by Mara Fisher
Napkin folding is an oft-overlooked decorative art in modern table dressing, but one that we find has hidden meaning — the ornate nature of napkin creations and their subsequent undoing can serve as an exercise in impermanence and an exploration into the potentiality of everyday objects.
Inset: The Watchtower fold, The Beauty of the Fold: In Conversation with Joan Sallas, Edited by Charlotte Birnbaum
Folded napkins can signify a level of elegance or dowdiness, depending on the era — or who’s judging. For many centuries in Western dining traditions it was typical to use a tablecloth to wipe one’s hands and mouth while dining. The 17th century saw the introduction of smaller cloths designated for personal upkeep at the banquet table — these were originally vast pieces of linen that were long enough to cover a guest’s clothing, and which were tucked in or tied at the neck.
In the court of Louis XIV, napkins became elevated from functional cloths to elaborate works of art, contributing artistically and lavishly to the tablescape. As Louis XIV was the premiere tastemaker of France at the time, the predilection for featuring fanciful cloth creations at banquets naturally spread thoughout the lower nobility and bourgeoisie.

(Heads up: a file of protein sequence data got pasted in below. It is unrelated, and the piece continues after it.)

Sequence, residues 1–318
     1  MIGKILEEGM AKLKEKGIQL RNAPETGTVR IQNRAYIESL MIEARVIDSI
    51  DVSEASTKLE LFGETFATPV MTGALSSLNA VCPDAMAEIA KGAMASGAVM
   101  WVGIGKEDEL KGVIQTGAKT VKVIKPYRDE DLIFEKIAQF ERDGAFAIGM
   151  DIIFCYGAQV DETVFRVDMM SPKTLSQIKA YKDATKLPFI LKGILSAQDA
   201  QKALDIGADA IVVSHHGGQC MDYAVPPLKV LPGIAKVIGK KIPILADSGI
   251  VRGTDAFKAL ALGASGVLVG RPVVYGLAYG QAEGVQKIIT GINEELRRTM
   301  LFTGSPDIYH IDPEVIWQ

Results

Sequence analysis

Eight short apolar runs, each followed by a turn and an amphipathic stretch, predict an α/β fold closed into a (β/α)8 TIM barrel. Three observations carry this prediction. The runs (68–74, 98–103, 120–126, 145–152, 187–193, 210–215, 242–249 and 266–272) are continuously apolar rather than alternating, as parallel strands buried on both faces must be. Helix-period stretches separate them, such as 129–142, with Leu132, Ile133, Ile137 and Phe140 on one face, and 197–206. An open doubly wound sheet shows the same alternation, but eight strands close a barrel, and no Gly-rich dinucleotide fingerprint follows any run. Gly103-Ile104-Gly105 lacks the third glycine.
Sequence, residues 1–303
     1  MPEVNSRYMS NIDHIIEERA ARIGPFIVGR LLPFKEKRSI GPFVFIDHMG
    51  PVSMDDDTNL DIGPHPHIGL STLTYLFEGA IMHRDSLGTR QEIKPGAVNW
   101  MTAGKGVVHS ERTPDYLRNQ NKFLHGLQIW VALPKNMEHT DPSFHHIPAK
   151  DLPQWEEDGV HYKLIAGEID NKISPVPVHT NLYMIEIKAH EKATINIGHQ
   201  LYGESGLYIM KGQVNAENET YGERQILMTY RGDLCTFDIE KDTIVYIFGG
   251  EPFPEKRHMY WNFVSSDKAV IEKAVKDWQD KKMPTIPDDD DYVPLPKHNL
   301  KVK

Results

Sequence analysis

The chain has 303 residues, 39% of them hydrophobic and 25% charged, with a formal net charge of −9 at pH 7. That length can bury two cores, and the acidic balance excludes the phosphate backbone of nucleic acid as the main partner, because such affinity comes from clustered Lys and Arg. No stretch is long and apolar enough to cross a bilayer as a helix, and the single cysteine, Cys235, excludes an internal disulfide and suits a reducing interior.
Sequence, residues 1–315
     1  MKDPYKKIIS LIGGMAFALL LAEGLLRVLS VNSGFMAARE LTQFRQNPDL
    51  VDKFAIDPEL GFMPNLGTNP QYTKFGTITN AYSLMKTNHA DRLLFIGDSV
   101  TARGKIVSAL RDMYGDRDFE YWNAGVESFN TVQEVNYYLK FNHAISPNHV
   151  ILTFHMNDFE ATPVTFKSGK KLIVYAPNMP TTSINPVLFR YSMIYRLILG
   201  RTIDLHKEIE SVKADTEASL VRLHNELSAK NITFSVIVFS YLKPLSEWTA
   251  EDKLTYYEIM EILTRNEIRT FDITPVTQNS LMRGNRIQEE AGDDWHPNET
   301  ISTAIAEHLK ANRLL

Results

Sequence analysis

Folded napkins would take shape as animals, decorative shapes, floral motifs, and architectural elements, and the intricacy and inventiveness of the designs would indicate a host’s wealth and status. The napkins were frequently perfumed with rose water, and in some cases housed a hidden live songbird that would dramatically fly away once liberated from the napkin’s folds. At wedding banquets, a folded napkin would be personalized for each guest and its design indicated the individual’s relationship to the bride and groom.
There are several documented cases of folded napkin designs serving as symbols or totems specific to one individual. One notable fold that indicated an person's station was the Imperial napkin fold used at the Hofburg Palace in Vienna only when the Emperor was dining. The method of doing this particular napkin fold is to this day a closely guarded secret only known by two people at a time — the method is passed on by word of mouth by each person safeguarding this knowledge before the time of their death.
Napkin folding has an illustrious history unto itself which provides insights into status, identity, fluidity and transmutation — cloth interpreted, constructed, and then, usually, relegated to its more menial function.